“Assumptions: Teaching About Race & Racism”

By Daryl H. Thorne, Creator of 2ruthTalk
February 26, 2019

Race, one of the most misunderstood,highly charged, (socio-politically) confounding and empowering concepts created by man. Yet, there are inherent challenges engaging the topic – consciously wrestling with meaningful insights whether your own or another person’s – as, understandably, it is the thing that (almost) universally causes people some level of internal discomfort for varying reasons. This holds true for those of us who either teach courses or provide training related to this topic. Part of the reason is that as a facilitator of sorts, it becomes our responsibility to provide students/participants with information (and, hopefully, experiences) that educate, stimulate, challenge, and positively provoke newfound awareness that may, or may not, resonate in that internal personal space that allows one to sleep as soundly at night. The previous statement assumes a healthy engagement of documented and experiential truths about the matter, as opposed to slanted versions that aim to support a white supremacist narrative.

“A Note About Facilitator/Teacher Fitness for This Type of Engagement…”

Everybody who is tasked with this extraordinarily laden responsibility is NOT designed for it. The assumption that the teacher or facilitator is somehow the “expert” on all things related to the ideology of race and/or racism is, objectively, false. This said (or written, as is the case), those who take the time to consistently, and with reverence, reflect and sit-with their own reality of race – the privileges and oppression, the nuanced and blatant experiences of projections, and receptions of the ism, and the internal battles that occur within – AND who can speak to their subjectivity, biases, and relative ignorance therein, tend to present themselves as more empathetic without coming across as patronizing or condescending. It seems to me, that teachers/facilitators who do their own self-work, without apology, are better able to step into these roles with more ease than those who have yet to immerse themselves into the inherent discomfort that comes with the territory. Immersion precedes intense feelings and self-exploration related to the impact of race. This is a heuristic process. This means that to be consciously vulnerable to matters of race and its impact on oneself and society, you must be open to immersing oneself in it – being aware of the relative privileges and/or oppression that come with it without defaulting to deflection, denial, or defensiveness – to better understand its significance on individual and societal well-being or detriment. This can be quite difficult because these descriptors signal the essence of feeling pain/discomfort on a psychic level, which can be more disconcerting and longstanding than physical pain. And, who can maintain a meaningful and healthy existence with constant low-lying pain? I ask you to think about the ways your body and psyche carry the pain of race (ism).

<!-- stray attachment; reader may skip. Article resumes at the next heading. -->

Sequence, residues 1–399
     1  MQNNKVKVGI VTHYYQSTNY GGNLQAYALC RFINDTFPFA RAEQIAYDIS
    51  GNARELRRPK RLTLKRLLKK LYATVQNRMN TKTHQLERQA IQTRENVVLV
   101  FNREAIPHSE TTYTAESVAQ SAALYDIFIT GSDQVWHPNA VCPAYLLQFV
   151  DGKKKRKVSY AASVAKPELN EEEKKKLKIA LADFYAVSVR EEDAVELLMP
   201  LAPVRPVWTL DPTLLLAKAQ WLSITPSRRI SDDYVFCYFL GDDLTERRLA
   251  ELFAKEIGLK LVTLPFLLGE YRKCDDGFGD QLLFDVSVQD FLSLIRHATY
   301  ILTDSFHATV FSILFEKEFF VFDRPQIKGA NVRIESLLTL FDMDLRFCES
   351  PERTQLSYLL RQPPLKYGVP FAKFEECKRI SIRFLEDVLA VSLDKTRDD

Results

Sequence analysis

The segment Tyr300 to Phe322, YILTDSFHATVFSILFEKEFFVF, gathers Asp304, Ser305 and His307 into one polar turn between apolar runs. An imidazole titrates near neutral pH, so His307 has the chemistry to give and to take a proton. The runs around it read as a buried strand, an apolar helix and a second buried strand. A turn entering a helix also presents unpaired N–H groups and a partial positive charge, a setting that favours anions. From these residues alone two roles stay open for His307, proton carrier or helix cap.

Until next time…

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